I find myself using my stick less and less.  My walking stick has become something of a security blanket.  I feel self-conscious walking in busy places because the nerve damage means my calf muscles don’t work properly.  Using a walking stick tells people there is a reason I have a slight wobble and it isn’t alcohol related!  I keep a fold-up walking stick in my drawer at work just in case (although I haven’t used it yet) and I’m trying to wean myself off using one for longer walks.  It follows that if I can walk miles over the course of a day at work without using one that I must be able to do so elsewhere.

I’m waiting on an access to work application for a full workplace assessment (occupational health suggested an electric height adjustable desk!) and I find that as long as I am sitting up nice and straight I am quite comfortable but if I don’t I soon get aches in my back.

I realise that each person who has CES is different but that doesn’t stop me wanting to talk to others who have had the condition.  There are some excellent support groups on Facebook (with some frank and open conversations/questions) and more recently UK based charitable organisations have emerged to provide support.

I’m happy to talk to anyone about CES – if that’s you then leave me a message.

Review: The Stainless Steel Rat

The Stainless Steel Rat
The Stainless Steel Rat by Harry Harrison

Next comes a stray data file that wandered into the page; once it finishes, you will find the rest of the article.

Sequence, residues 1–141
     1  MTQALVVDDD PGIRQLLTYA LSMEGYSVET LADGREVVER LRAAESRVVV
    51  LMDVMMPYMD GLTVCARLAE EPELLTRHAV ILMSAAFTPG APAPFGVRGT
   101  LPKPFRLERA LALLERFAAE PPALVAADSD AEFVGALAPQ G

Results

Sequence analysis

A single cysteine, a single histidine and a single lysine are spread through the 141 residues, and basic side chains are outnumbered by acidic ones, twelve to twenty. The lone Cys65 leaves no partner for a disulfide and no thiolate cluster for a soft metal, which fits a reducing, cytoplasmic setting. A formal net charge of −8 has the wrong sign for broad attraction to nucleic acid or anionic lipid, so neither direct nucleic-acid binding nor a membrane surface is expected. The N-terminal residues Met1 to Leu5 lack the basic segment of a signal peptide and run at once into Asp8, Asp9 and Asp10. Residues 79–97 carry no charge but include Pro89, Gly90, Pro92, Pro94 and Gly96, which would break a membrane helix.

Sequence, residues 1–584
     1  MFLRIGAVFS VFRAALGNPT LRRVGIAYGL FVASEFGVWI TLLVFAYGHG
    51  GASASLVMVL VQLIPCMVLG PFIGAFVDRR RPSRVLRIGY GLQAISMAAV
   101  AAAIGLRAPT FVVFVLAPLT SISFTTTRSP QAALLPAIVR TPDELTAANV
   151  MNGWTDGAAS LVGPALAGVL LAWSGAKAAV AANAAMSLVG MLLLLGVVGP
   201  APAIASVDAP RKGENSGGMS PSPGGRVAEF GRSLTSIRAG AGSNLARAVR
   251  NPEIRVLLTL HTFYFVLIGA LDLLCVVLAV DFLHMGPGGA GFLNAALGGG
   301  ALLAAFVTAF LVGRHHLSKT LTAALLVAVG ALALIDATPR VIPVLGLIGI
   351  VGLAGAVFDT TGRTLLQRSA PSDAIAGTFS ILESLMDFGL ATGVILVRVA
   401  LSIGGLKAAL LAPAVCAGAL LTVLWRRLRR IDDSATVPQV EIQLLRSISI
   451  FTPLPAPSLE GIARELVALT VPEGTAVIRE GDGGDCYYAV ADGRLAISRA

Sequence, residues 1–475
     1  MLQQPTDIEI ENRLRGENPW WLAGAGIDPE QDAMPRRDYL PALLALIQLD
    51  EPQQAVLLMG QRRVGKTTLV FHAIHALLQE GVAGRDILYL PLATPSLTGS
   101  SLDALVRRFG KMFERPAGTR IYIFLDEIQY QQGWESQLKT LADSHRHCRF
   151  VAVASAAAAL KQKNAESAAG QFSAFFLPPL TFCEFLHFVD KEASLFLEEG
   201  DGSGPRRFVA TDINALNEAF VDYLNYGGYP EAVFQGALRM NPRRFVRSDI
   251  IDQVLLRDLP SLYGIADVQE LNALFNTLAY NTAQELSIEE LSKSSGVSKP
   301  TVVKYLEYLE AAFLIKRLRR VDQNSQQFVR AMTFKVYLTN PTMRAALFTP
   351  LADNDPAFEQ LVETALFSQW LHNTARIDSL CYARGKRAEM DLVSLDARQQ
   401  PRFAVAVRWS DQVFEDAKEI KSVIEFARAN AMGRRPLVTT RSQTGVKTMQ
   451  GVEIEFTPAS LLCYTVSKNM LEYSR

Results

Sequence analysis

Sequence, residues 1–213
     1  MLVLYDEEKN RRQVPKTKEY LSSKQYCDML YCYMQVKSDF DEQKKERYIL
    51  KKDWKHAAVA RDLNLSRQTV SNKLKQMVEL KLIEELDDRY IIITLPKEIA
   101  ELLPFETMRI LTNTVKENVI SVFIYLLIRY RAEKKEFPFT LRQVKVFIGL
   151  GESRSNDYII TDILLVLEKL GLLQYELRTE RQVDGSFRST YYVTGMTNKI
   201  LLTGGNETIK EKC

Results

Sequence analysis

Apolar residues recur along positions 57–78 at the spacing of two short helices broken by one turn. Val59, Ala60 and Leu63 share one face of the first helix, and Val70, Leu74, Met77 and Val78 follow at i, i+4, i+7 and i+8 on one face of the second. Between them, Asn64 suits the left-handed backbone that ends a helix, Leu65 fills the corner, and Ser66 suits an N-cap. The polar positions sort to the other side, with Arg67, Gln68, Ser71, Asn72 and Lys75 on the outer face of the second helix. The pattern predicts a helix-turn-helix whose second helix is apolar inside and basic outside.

My rating: 3 of 5 stars

Starting to show its age a bit now, as we have a future with camera film and newspapers. Ignoring these short comings the book is an account of how our Stainless Steel Rat goes on his first mission for the special corps and the adventure along the way. Less gadgets than others in the series and a weaker plot.

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Review: The Stainless Steel Rat Sings the Blues

The Stainless Steel Rat Sings the Blues
The Stainless Steel Rat Sings the Blues by Harry Harrison
My rating: 5 of 5 stars

Not as good as some of the others in this series (not helped by the fact I decided to reread them in story order rather than in published order).

The Stainless Steel rat is recruited to find an alien artifact on a hostile prison planet. Naturally only a criminal is up to the job! Gadgets and sci-fi galore. Another light and frothy fun read.